Cookies on this website

We use cookies to ensure that we give you the best experience on our website. If you click 'Accept all cookies' we'll assume that you are happy to receive all cookies and you won't see this message again. If you click 'Reject all non-essential cookies' only necessary cookies providing core functionality such as security, network management, and accessibility will be enabled. Click 'Find out more' for information on how to change your cookie settings.

Accumulation of arsenic (As) within plant tissues represents a human health risk, but there remains much to learn regarding the speciation of As within plants. We developed synchrotron-based fluorescence-X-ray absorption near-edge spectroscopy (fluorescence-XANES) imaging in hydrated and fresh plant tissues to provide laterally resolved data on the in situ speciation of As in roots of wheat (Triticum aestivum) and rice (Oryza sativa) exposed to 2 μM As(V) or As(III). When exposed to As(V), the As was rapidly reduced to As(III) within the root, with As(V) calculated to be present only in the rhizodermis. However, no uncomplexed As(III) was detected in any root tissues, because of the efficient formation of the As(III)-thiol complex - this As species was calculated to account for all of the As in the cortex and stele. The observation that uncomplexed As(III) was below the detection limit in all root tissues explains why the transport of As to the shoots is low, given that uncomplexed As(III) is the major As species transported within the xylem and phloem. Using fluorescence-XANES imaging, we have provided in situ data showing the accumulation and transformation of As within hydrated and fresh root tissues. © 2013 New Phytologist Trust.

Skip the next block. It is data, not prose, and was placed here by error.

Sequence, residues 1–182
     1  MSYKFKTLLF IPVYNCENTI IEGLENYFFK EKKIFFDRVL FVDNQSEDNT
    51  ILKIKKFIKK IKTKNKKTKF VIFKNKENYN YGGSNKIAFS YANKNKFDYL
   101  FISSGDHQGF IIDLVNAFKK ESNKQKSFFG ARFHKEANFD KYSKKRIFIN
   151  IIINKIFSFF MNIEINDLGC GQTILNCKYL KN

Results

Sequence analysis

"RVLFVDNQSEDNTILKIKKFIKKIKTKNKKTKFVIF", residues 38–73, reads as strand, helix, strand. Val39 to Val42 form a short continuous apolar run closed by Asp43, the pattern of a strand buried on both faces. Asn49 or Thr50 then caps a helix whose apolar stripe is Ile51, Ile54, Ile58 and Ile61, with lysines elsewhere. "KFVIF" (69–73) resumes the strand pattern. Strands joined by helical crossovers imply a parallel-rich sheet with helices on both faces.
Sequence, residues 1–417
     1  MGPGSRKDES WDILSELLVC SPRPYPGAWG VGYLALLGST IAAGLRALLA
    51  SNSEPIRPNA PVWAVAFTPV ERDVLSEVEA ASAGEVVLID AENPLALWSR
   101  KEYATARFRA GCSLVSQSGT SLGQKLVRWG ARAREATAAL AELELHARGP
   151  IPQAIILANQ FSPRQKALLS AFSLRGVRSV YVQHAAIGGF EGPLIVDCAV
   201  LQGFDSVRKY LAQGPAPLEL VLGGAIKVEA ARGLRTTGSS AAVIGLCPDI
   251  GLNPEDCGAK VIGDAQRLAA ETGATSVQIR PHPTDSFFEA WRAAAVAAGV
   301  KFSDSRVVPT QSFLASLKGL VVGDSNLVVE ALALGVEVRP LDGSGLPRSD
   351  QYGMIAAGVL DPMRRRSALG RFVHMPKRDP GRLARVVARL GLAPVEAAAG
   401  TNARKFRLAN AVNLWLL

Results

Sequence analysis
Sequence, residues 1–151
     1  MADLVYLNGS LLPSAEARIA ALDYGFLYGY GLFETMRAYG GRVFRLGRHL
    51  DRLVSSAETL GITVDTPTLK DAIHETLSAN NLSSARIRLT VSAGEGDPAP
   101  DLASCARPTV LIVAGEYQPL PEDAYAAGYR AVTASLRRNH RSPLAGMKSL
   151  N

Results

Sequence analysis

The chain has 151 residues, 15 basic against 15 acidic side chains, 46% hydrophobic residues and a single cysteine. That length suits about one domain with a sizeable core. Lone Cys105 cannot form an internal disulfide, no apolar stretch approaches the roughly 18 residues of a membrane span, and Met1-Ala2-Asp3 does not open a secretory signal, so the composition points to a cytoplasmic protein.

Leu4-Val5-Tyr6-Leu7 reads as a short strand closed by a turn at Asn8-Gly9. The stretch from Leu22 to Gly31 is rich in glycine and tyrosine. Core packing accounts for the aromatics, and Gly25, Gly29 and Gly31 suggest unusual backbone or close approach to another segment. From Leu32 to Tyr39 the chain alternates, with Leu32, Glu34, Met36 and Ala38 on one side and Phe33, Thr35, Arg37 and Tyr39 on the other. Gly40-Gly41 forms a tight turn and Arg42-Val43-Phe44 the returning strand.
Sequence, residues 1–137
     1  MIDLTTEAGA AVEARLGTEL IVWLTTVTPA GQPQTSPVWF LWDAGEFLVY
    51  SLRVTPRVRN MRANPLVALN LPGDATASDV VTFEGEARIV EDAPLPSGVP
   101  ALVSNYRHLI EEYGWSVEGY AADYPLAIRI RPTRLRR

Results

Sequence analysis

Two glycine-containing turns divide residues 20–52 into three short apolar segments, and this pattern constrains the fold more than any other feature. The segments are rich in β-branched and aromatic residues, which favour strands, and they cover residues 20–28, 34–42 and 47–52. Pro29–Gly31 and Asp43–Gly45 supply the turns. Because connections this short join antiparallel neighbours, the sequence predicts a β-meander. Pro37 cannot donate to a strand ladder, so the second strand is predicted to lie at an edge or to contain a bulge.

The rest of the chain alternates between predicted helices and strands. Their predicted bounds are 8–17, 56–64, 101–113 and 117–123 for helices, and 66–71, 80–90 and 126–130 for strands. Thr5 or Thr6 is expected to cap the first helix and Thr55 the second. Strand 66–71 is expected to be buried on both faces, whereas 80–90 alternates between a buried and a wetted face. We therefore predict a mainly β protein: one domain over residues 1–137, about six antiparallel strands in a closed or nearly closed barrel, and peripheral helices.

Original publication




Journal article


New Phytologist

Publication Date





1251 - 1262